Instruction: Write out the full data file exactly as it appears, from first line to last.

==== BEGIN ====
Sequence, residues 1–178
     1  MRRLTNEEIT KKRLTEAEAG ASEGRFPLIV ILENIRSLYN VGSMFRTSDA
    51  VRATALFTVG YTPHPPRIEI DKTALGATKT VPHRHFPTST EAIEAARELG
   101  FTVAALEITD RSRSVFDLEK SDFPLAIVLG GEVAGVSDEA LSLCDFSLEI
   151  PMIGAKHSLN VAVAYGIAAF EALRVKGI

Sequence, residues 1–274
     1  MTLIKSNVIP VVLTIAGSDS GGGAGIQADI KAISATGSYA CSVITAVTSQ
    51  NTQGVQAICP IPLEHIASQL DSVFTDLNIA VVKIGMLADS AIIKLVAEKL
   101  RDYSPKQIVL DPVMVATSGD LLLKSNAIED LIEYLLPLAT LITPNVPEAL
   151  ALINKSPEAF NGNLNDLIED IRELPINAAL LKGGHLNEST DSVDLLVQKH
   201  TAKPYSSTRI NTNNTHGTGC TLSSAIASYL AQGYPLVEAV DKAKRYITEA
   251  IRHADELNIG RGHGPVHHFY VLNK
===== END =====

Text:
Sequence, residues 1–178
     1  MRRLTNEEIT KKRLTEAEAG ASEGRFPLIV ILENIRSLYN VGSMFRTSDA
    51  VRATALFTVG YTPHPPRIEI DKTALGATKT VPHRHFPTST EAIEAARELG
   101  FTVAALEITD RSRSVFDLEK SDFPLAIVLG GEVAGVSDEA LSLCDFSLEI
   151  PMIGAKHSLN VAVAYGIAAF EALRVKGI

Sequence, residues 1–274
     1  MTLIKSNVIP VVLTIAGSDS GGGAGIQADI KAISATGSYA CSVITAVTSQ
    51  NTQGVQAICP IPLEHIASQL DSVFTDLNIA VVKIGMLADS AIIKLVAEKL
   101  RDYSPKQIVL DPVMVATSGD LLLKSNAIED LIEYLLPLAT LITPNVPEAL
   151  ALINKSPEAF NGNLNDLIED IRELPINAAL LKGGHLNEST DSVDLLVQKH
   201  TAKPYSSTRI NTNNTHGTGC TLSSAIASYL AQGYPLVEAV DKAKRYITEA
   251  IRHADELNIG RGHGPVHHFY VLNK